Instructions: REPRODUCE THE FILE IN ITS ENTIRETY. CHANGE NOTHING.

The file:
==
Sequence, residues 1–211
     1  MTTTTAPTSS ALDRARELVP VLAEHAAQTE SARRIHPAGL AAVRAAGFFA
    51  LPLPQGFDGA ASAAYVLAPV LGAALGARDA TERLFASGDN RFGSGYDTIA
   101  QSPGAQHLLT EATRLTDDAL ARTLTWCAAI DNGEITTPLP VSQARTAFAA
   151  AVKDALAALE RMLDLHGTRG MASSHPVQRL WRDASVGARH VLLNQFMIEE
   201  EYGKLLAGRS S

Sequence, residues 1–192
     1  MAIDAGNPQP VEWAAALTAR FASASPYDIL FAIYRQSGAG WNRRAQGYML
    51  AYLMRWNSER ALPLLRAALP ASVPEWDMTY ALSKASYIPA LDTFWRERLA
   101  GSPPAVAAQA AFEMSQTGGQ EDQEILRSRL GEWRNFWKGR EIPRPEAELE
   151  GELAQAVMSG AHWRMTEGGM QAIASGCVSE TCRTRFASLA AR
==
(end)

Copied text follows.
Sequence, residues 1–211
     1  MTTTTAPTSS ALDRARELVP VLAEHAAQTE SARRIHPAGL AAVRAAGFFA
    51  LPLPQGFDGA ASAAYVLAPV LGAALGARDA TERLFASGDN RFGSGYDTIA
   101  QSPGAQHLLT EATRLTDDAL ARTLTWCAAI DNGEITTPLP VSQARTAFAA
   151  AVKDALAALE RMLDLHGTRG MASSHPVQRL WRDASVGARH VLLNQFMIEE
   201  EYGKLLAGRS S

Sequence, residues 1–192
     1  MAIDAGNPQP VEWAAALTAR FASASPYDIL FAIYRQSGAG WNRRAQGYML
    51  AYLMRWNSER ALPLLRAALP ASVPEWDMTY ALSKASYIPA LDTFWRERLA
   101  GSPPAVAAQA AFEMSQTGGQ EDQEILRSRL GEWRNFWKGR EIPRPEAELE
   151  GELAQAVMSG AHWRMTEGGM QAIASGCVSE TCRTRFASLA AR